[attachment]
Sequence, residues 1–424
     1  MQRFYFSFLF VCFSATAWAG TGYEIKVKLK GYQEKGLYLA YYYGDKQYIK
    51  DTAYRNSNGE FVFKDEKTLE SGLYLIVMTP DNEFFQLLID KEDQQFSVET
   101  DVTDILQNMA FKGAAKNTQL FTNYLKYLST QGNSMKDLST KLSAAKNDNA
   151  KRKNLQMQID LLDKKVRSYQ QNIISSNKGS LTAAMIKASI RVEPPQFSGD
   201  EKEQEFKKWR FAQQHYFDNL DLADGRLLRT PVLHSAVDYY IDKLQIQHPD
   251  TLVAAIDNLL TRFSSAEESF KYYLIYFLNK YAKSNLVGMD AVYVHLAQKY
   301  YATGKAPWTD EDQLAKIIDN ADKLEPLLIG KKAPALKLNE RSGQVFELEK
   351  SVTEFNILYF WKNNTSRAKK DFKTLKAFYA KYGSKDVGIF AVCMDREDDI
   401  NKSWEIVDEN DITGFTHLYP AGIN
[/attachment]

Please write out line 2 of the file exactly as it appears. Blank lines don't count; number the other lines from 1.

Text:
     1  MQRFYFSFLF VCFSATAWAG TGYEIKVKLK GYQEKGLYLA YYYGDKQYIK